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Tribunal fees: They’re nearly here… (or perhaps not)

feesThe Government has produced its draft statutory instrument available here to introduce fees in the Tribunals and the EAT.


The Government’s aim is to ‘encourage businesses and workers to mediate or settle a dispute rather than go to a full hearing’ and therefore lower the cost of the Tribunal system to the taxpayer. The Tribunals Service is also very short of cash and this will be an excellent revenue raiser, we suggest!


The fee levels are the same as those contained in the Government’s response to its consultation published last July 2012 (we covered this in our Newsflash of 3 August 2012, Fees coming soon to a Tribunal near you…). However, some of the other detail has changed.

In summary:

There will be two levels of claim:

The ‘issue’ fee in each case is payable, unsurprisingly, at the time of the issue of the claim. The online ET1 form will be updated to include a payment button. If the employee is on benefits or low income and wishes to apply for fees remission, there will be an option to choose that instead of paying. The ‘hearing fee’ is payable on a date that will be set out in the Tribunal’s letter that notifies the parties of the hearing date (which does not deal with the question of whether it falls due shortly after the hearing date is set, or a certain number of weeks before the hearing – they could be months apart).

Whether a claim attracts type A or B fees will depend on the type of claim. Type A claims include unlawful deduction from wages, holiday pay, and redundancy payment claims. Type B claims include discrimination, equal pay and unfair dismissal claims (i.e. those that are likely to be more complex and take more time to determine). There is a separate fee structure for multiple claims (i.e. claims submitted jointly by more than one claimant).

There are several other fees too. For example, £60 for an application by an employer to dismiss a claim following settlement and £600 for judicial mediation.

Most types of fee will only apply to the claimant, but the Tribunal will have the discretionary power to order the unsuccessful party to reimburse the fee to the successful party. It is not yet clear whether this means it will become standard practice for employers who lose a case to have to reimburse to the claimant the fees that the claimant has paid. We suspect it might, in time.

For any appeals against Tribunal decisions that are submitted to the Employment Appeal Tribunal, the issue fee is £400 and the hearing fee is £1,200. Here, there is only one level of fee regardless of the type of claim or number of claimants.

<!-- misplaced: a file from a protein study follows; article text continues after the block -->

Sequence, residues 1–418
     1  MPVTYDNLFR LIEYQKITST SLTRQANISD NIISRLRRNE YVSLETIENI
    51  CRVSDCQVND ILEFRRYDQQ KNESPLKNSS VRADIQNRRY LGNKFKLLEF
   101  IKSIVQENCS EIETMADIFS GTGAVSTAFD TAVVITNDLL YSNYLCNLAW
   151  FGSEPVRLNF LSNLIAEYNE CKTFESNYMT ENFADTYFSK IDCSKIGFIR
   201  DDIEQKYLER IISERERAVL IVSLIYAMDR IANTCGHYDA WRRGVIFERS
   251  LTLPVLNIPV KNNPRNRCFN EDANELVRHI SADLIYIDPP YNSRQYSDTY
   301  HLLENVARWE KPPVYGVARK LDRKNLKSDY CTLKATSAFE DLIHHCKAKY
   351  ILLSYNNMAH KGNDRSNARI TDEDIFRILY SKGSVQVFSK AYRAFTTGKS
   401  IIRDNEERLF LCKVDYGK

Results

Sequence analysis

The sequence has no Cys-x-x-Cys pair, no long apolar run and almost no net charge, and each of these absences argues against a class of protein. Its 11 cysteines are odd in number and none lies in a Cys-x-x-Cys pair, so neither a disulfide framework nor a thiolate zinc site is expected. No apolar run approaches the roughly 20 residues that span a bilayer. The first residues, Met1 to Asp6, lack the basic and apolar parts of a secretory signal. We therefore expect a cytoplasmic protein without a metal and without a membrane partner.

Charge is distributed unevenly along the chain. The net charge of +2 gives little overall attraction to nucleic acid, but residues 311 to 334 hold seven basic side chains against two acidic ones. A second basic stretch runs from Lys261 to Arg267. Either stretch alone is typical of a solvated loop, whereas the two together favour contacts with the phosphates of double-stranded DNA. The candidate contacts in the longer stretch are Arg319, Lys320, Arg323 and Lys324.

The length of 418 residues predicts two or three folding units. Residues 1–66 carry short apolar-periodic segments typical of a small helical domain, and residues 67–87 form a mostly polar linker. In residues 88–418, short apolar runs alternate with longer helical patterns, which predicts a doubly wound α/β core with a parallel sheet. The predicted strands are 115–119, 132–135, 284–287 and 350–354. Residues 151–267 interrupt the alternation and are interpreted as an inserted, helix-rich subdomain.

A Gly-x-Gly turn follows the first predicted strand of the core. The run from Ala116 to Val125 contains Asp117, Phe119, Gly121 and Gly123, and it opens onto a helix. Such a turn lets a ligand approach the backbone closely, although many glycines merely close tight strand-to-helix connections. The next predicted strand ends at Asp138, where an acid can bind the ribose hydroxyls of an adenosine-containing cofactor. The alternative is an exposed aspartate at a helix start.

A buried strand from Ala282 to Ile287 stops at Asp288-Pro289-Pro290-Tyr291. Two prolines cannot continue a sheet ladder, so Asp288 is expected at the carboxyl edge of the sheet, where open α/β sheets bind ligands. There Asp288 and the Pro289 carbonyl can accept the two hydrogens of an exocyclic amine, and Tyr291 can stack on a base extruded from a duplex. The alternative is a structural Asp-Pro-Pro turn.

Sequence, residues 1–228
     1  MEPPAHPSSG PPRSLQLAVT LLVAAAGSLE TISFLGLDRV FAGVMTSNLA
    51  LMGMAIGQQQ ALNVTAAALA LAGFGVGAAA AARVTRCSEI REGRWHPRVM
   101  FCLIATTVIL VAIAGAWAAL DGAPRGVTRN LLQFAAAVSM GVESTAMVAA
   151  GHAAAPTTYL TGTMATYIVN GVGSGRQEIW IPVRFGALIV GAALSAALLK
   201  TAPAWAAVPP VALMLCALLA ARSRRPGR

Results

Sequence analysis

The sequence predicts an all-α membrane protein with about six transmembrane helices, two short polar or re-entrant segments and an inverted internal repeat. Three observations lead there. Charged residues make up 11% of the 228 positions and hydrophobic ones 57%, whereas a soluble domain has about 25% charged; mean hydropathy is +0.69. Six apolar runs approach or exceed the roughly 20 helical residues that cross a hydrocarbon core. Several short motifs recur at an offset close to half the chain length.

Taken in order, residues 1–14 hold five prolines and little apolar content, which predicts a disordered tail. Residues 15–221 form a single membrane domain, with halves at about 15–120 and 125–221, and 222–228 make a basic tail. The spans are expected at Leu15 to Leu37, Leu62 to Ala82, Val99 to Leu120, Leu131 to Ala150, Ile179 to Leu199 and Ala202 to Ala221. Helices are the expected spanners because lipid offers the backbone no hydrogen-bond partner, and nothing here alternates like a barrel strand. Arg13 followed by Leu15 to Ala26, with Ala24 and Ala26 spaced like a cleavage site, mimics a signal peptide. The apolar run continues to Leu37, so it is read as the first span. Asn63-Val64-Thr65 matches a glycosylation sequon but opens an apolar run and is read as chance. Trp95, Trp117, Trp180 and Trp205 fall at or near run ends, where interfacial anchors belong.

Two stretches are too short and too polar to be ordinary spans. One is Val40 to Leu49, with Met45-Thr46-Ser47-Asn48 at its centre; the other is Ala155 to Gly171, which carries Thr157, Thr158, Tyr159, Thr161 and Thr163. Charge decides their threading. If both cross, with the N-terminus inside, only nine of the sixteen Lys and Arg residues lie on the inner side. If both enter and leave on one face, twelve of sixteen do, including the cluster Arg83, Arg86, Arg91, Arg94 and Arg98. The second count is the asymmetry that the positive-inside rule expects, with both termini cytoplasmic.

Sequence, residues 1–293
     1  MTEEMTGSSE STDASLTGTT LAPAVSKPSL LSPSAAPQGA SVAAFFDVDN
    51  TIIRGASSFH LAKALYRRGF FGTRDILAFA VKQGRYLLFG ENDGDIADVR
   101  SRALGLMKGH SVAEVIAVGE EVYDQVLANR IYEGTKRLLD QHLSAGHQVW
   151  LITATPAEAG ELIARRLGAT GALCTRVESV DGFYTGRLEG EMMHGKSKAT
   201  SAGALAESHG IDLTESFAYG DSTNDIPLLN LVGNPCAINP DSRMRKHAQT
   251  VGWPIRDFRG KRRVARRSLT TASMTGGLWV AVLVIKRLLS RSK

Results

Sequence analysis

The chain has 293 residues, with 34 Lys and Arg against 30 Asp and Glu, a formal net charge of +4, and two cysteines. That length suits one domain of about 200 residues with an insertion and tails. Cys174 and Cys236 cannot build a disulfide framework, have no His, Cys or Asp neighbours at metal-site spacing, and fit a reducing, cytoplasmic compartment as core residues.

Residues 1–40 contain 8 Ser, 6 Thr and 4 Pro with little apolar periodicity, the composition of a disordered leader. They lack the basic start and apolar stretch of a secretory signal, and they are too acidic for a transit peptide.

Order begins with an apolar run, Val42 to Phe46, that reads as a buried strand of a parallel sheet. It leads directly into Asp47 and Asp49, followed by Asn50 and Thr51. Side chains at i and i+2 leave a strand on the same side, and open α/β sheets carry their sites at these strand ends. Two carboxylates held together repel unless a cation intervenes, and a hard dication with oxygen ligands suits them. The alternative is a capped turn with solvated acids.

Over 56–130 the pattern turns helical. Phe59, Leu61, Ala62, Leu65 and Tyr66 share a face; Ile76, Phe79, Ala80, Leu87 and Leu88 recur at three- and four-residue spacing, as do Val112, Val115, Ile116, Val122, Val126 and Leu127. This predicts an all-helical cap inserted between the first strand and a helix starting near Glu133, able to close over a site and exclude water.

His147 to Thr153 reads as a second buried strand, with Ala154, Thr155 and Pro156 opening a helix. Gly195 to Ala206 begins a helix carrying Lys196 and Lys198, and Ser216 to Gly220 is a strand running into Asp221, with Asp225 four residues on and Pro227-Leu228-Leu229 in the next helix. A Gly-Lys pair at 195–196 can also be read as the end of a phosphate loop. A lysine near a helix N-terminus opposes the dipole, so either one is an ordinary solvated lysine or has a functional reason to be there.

The consequences of any non-payment of issue fees and hearing fees are that the claim will not be allowed to commence or continue in the Tribunal. Guidance will be given that the existing time limits for making a claim will not be extended just because a claimant requires more time to pay a fee.

We had thought that a Claimant on benefits or low income, who might qualify for a waiver (remission) of the fees would have to obtain approval of that remission before filing the claim, and therefore before the 3 month deadline for bringing an ET claim. However, the latest news from the Tribunals Service appears to be that the fees remission process will take weeks, or even months, to process and so to make the things workable an employee seeking a fees remission will be able to file an ET1 claim form without payment but they must at the same time file an application for fees remission. We do not know what will happen if their fees remission application is unsuccessful – perhaps they will be given 7 days in which to pay the fees or see their claim rejected. Apparently, the identical fees remission office for claims in the County and High Courts can take up to 6 months to process a fees remission application, so we may come to see claims suspended at the earliest stage whilst that process grinds slowly on. This cannot be a good thing for either side in the case.


Only claims lodged at the Tribunal or appeals to the EAT on or after the implementation date will attract fees.


The official intention is for this to become law on a date at the end of July 2013. However, we understand that the Tribunals Service wishes the new fees rules to be brought into force at the same time as the other new ET rules of procedure, and those look as if they might not be finalised and ready for use until perhaps as long away as February 2014. So we will wait and see.


Fees will be paid online or through a centralised processing centre. Claimants will not be able to pay fees in person at individual Tribunals.

Any more…?

The Ministry of Justice has also published a letter to stakeholders available here and Q&A available here, explaining how the rules will work in practice.

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